While 101 Dalmatians starts out a little slow and a little too cute, in its second half it builds into a powerfully compelling extended chase as Pongo, Perdita, and the 99 Dalmatian puppies escape Cruella’s crumbling Gothic mansion and beat a hasty retreat across the frozen English countryside, aided and abetted by a four-legged underground consisting of a whole lot of dogs (some of which are making repeat appearances from Lady and the Tramp), one hilariously determined cat, and a barn full of matronly cows. The image of all these animals working together to save the innocent from depravity is the very heart of the Disney ethos, and 101 Dalmatians makes the most of it, right down to a fiery car chase along winding roads. The film’s balance of the cute (awwww … just look at all those puppies …) and the perverse (… who might be beaten to death and skinned …) is also a hallmark of classic Disney films, from the Island of Lost Boys in Pinocchio (1940) to those poor mutant toys in Toy Story (1995). The fact that 101 Dalmatians plays easily alongside both the oldest and most recent of Disney’s best is tribute to just how modern it was and continues to be.

101 Dalmatians Diamond Edition Blu-ray + DVD + Digital HD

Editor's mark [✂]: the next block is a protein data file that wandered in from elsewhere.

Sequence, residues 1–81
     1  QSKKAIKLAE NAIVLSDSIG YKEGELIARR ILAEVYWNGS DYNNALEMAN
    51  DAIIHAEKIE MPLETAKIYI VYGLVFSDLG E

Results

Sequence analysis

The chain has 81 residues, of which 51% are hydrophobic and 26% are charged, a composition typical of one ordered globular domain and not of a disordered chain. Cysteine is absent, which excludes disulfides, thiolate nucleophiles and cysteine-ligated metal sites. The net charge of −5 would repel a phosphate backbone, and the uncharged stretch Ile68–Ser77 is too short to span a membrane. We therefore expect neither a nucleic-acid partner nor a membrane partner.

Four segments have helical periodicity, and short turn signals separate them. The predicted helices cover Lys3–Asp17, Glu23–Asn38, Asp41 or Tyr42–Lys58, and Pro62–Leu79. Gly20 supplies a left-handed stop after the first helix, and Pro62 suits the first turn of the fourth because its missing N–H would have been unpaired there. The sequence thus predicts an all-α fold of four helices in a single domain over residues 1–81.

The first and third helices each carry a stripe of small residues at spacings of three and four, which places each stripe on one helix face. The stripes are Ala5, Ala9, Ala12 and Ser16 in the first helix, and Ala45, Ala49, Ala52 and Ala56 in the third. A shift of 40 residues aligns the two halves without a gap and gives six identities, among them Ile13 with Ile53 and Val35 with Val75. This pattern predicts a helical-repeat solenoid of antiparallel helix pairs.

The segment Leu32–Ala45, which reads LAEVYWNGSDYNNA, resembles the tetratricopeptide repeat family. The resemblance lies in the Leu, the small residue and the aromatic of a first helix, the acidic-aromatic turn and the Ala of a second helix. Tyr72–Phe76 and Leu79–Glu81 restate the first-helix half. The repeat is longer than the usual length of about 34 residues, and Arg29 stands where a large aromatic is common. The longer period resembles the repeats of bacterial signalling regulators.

Aspect Ratio1.33:1
  • English DTS-HD Master Audio 7.1 Surround
  • English Dolby Digital 1.0 Monaural
  • Spanish DTS-HD Master Audio 5.1 Surround
  • French DTS-HD Master Audio 5.1 Surround
  • Subtitles English, French, Spanish
  • “Lucky Dogs” featurette
  • “Dalmations 101” featurette
  • The Further Adventures of Thunderbolt animated short
  • “The Best Doggone Dog in the World” episode of The Wonder World of Disney
  • “Redefining the Line: The Making of One Hundred and One Dalmatians” documentary
  • “Sincerely Yours, Walt Disney” featurette
  • “Cruella De Vil: Drawn to Be Bad” featurette
  • Trailers, TV spots, and radio spots
  • Deleted songs and alternate versions
  • Pop-up trivia tracks
  • Selena Gomez “Cruella De Vil” music video
  • DistributorWalt Disney Studios Home Entertainment
    Release DateFebruary 10, 2015